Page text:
We've come a long way in the five years since the ice bucket challenge drew attention to amyotrophic lateral sclerosis (ALS), also called Lou Gehrig's disease. During that time, scientists have been learning more about the microbes we carry in our gastrointestinal tracts, and the powerful impact they seem to have on our health. Changes in the gut microbiome have been linked to many disorders, including inflammatory bowel disease, fibromyalgia, and colorectal cancer. Now scientists have found that the microbes in the gut may influence the course of ALS.
Reporting in Nature, the investigators from the Weizmann Institute of Science and their collaborators determined that in a mouse model, ALS got worse when they were exposed to broad-spectrum antibiotics that eliminated most of their gut microbiome. The scientists also observed that a specific type of gut bacteria can slow the progression of ALS through a compound it produces. These findings have to be confirmed in people, but research suggests that they will apply to ALS patients.
"Our long-standing scientific and medical goal is to elucidate the impact of the microbiome on human health and disease, with the brain being a fascinating new frontier," noted Immunology Professor Eran Elinav. "Given increasing evidence that microbiome affects brain function and disease, we wanted to study its potential role in ALS."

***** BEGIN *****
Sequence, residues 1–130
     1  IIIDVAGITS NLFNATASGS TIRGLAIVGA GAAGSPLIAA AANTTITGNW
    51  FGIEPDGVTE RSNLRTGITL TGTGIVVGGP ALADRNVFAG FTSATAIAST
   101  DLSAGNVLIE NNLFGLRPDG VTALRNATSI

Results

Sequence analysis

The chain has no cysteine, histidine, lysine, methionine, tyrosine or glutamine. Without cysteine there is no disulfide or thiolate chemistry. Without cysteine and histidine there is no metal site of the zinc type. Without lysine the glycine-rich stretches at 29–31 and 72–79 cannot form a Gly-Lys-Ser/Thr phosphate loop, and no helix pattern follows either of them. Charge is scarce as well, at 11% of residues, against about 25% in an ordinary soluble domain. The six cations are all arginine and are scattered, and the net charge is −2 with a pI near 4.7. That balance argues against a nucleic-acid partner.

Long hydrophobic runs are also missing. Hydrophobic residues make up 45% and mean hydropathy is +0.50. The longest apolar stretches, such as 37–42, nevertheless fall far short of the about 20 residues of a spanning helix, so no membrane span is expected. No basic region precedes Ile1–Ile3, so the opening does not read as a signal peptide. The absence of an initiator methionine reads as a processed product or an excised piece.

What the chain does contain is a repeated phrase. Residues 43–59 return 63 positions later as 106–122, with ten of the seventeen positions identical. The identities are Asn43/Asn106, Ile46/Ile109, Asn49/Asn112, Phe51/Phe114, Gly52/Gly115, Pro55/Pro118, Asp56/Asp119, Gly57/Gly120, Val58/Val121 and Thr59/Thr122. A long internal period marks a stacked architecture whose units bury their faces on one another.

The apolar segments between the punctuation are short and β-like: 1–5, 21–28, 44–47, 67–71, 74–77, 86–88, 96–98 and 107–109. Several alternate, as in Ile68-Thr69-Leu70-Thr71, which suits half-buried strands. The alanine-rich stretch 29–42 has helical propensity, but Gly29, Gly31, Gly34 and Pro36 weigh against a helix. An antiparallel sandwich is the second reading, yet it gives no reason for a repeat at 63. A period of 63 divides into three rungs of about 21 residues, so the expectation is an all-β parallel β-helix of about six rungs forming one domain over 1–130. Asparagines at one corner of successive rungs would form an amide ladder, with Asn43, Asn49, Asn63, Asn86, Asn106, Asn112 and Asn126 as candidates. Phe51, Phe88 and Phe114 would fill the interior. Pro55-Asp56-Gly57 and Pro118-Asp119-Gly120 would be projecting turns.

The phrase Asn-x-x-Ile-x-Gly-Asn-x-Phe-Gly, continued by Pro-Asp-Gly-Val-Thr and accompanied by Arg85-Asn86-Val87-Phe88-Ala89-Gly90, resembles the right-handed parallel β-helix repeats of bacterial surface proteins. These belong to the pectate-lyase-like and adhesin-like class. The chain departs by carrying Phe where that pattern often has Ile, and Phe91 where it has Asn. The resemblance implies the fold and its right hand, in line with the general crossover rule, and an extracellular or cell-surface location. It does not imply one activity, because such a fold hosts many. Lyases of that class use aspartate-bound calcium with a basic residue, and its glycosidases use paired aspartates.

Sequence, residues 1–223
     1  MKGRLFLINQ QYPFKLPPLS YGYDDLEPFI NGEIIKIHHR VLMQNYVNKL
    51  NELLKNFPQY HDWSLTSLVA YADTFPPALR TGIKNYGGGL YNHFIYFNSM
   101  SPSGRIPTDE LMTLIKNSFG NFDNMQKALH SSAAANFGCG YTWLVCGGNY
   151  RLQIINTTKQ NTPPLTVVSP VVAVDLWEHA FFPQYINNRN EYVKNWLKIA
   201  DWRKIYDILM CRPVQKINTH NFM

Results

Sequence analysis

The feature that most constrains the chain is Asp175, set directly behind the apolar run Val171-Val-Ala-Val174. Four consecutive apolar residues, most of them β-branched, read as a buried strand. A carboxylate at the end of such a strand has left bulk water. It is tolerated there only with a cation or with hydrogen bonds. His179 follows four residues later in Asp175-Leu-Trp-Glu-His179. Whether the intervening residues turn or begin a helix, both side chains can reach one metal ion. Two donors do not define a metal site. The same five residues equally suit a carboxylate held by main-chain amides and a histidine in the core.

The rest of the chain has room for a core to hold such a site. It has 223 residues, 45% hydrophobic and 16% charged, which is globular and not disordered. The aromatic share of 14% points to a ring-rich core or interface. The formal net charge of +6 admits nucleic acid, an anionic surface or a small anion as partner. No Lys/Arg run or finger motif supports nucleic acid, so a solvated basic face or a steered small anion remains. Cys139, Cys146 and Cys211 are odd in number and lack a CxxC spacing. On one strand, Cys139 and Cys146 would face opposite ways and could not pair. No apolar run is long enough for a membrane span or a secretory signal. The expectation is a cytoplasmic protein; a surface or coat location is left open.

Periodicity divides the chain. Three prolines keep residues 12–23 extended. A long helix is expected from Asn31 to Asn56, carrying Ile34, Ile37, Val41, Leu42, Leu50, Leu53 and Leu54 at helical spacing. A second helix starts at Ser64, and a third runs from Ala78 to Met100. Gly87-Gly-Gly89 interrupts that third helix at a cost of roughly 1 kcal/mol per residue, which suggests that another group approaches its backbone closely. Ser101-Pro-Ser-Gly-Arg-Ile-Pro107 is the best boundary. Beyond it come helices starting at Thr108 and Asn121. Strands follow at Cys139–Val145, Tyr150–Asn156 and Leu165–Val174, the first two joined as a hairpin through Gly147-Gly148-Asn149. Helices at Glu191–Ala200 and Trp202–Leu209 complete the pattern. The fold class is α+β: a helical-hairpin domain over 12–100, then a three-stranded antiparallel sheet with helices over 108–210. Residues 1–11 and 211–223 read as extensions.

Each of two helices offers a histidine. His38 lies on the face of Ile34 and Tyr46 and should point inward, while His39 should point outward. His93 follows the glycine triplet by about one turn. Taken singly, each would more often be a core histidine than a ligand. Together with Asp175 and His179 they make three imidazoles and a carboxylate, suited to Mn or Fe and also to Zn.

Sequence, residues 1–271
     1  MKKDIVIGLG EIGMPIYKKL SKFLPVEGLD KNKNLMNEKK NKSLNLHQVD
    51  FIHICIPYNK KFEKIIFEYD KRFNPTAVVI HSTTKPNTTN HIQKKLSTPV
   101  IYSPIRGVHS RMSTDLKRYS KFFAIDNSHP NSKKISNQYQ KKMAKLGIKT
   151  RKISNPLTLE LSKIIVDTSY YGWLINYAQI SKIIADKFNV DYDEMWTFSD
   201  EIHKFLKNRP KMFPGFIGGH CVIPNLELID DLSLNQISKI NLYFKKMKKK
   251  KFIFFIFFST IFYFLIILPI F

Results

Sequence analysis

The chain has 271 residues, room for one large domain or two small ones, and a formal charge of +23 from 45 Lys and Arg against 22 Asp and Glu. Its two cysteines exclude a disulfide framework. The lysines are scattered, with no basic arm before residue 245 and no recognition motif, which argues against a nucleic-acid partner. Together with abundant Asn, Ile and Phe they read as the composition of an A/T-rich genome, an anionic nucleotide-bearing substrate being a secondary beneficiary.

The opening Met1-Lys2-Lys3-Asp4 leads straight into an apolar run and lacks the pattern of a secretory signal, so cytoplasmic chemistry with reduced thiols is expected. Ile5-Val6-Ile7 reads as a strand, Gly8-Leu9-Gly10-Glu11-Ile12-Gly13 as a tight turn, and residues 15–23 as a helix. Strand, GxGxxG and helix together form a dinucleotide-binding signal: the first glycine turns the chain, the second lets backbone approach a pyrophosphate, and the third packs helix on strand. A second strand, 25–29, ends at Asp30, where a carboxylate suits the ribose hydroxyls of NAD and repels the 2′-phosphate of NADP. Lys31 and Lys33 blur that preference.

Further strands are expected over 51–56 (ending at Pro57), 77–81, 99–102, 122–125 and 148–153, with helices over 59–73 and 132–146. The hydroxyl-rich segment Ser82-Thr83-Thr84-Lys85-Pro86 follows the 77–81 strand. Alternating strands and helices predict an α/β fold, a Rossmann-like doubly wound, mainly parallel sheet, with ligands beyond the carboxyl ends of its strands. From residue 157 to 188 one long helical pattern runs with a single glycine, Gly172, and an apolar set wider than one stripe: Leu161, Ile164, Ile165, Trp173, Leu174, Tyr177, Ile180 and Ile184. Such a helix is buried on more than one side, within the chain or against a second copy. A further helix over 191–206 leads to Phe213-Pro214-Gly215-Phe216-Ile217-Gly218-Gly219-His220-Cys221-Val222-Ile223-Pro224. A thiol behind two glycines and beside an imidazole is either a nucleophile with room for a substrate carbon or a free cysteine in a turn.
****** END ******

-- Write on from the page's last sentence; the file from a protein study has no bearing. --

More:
In this study, the researchers utilized mice that are likely to develop ALS, rearing them in sterile conditions, which prevented them from developing a microbiome. The mice had difficulty surviving the process, indicating to the researchers that the gut microbes were playing a role in the disease.
With cutting-edge computational tools, the scientists were able to characterize the microbiomes in these mice and compare them with healthy mice. There were eleven strains of bacteria that were changed in the mice prone to ALS, with the changes occurring before symptoms appeared. After exposing the ALS-prone mice to probiotics, including these microbial strains, one particular strain, Akkermansia muciniphila, significantly slowed the progression of the disorder in the mice, and increased their lifespan.
The investigators wanted to know how the microbe had this impact and found the molecules that Akkermansia generates and releases. One compound, nicotinamide (NAM), was found at lower levels in ALS-prone mice after exposure to antibiotics, but went up after the mice received NAM-producing Akkermansia. NAM was confirmed to be responsible for the microbe's effects on ALS after the researchers exposed mice prone to ALS to the NAM directly. These mice had significantly improved health outcomes. NAM appeared to be changing gene expression so that motor neuron function was improved.
The study authors want to investigate these findings in humans.
In the video above, the ALS association looks back on the ice bucket challenge.